Haiti Earthquake Overwhelms Medical Workers

Haiti's proximity to the United States makes it easier to get help there quickly, as opposed to the long delays in getting aid across the Pacific Ocean after the 2004 Indian Ocean earthquake, which left about 23,000 dead.

The ABC News medical unit spoke to a number of recovery agencies, and Besser said all are asking, "How do we get into Haiti? How do we provide those resources? Each part of the U.S. government is rostering teams."

The U.S. government is also focused on providing health and humanitarian aid.

President Obama said Wednesday that his administration would make a "swift, coordinated and aggressive effort to save lives," focusing on delivering "the humanitarian relief, food, water and medicine that Haitians will need in the coming days."

One of the urgent priorities was to mobilize more "rescue, medical equipment and emergency personnel" in the coming days.

The U.S. has prepared the hospital ship the USS Comfort for possible deployment to the region.

Rajiv Shah, an administrator with the U.S. Agency for International Development, said Wednesday that his organization has been in contact with its mission director on the ground in Haiti, and that it has "deployed an aggressive and coordinated response."

Health Consequences After Earthquake

After the initial rescue period, Besser said additional health consequences from the destroyed infrastructure can emerge. Areas of the country may lose water, sanitation and access to clean food, and all of this leads to additional health problems.

"Water is critical," he said. "An adult needs at least five liters of water a day. Dirty water is better than no water at all."

According to the World Health Organization, no city in Haiti has a public sewage system, and less than half of the population has access to drinking water services.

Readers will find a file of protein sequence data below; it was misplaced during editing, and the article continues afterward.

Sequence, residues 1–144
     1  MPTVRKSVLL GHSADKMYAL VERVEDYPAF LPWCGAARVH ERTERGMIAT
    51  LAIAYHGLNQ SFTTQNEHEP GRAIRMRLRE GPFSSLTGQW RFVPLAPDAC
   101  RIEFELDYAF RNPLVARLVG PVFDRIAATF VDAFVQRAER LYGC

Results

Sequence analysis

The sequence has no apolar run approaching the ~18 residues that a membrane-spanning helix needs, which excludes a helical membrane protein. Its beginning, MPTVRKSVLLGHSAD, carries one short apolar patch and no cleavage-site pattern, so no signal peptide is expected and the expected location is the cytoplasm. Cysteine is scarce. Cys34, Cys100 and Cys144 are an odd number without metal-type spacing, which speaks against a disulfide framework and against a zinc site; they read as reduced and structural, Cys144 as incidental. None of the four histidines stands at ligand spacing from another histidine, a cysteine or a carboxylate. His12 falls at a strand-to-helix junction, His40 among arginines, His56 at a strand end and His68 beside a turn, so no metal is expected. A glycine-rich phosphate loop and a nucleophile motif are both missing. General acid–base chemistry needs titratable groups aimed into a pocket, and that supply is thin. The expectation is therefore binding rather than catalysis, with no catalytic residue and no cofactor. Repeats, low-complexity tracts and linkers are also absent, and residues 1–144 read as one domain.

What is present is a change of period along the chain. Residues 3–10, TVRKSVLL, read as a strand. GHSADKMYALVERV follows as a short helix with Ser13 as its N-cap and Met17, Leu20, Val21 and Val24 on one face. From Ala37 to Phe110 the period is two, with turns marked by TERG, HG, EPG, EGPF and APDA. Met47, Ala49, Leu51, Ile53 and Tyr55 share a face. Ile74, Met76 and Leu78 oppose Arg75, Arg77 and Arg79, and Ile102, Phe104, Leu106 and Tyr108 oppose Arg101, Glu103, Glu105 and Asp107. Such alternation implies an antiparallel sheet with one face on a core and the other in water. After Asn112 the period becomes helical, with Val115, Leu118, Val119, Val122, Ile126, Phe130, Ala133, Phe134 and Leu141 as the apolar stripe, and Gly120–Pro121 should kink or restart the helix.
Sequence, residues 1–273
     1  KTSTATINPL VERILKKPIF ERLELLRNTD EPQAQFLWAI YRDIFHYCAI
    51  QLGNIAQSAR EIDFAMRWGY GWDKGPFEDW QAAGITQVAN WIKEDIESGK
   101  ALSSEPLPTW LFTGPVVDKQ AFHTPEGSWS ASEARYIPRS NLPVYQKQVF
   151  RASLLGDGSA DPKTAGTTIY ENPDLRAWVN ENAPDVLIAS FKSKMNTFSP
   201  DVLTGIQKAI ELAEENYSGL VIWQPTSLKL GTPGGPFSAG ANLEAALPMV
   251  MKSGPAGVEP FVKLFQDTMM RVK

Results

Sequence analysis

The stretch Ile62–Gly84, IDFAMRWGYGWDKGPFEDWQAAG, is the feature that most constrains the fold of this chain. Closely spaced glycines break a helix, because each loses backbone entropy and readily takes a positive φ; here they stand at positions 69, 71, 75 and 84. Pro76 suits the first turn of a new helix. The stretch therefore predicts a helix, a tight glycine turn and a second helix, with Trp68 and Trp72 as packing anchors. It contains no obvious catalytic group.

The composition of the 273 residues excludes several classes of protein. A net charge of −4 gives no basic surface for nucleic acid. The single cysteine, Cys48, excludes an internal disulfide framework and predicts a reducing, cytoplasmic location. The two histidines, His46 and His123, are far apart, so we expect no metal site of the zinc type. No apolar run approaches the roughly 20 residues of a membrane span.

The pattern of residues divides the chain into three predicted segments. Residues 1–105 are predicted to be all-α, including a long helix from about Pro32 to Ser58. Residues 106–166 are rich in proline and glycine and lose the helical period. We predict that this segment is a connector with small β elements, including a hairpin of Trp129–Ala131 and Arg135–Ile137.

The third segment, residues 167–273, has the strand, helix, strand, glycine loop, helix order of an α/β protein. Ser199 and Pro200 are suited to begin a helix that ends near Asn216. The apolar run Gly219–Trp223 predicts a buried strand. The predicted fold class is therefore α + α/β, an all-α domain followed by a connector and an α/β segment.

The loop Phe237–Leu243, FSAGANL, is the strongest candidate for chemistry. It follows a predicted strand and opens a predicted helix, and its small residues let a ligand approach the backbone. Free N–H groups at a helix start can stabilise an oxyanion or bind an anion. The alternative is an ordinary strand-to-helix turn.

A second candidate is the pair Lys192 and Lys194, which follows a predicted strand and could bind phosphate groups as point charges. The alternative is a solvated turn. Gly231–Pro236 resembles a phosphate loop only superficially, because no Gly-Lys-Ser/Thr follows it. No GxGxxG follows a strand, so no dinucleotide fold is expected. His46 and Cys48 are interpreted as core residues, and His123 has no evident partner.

This kind of a crisis can raise the risk of outbreaks of infectious disease, particularly because so many people are left homeless, and refugee camps pose a risk for communicable diseases. The most prevalent infectious diseases are bacterial and protozoal diarrhea, hepatitis A and E, typhoid fever, dengue fever, malaria and leptospirosis.

According to UNICEF, only about 50 percent of children in Haiti received vaccinations for diseases such as DPT (diphtheria, pertussis and tetanus), polio and measles in 2007.

But Besser noted that large outbreaks of infectious disease are relatively rare, and immediate efforts will be focused on those who can "use the care and need the assistance."

He said the Centers for Disease Control and Prevention has approximately 1,000 people available, including environmental engineers, to address water and sanitation problems, and teams to "pick up on some of the public health programs."

Besser said public fears over dead bodies during a disaster are generally unfounded.

"That's one of the biggest myths," he said. "Everyone is most concerned about dead bodies. You're more likely to get a disease from a living person than a dead body."

ABC News' Lauren Pearle and Lee Ferran contributed to this report.

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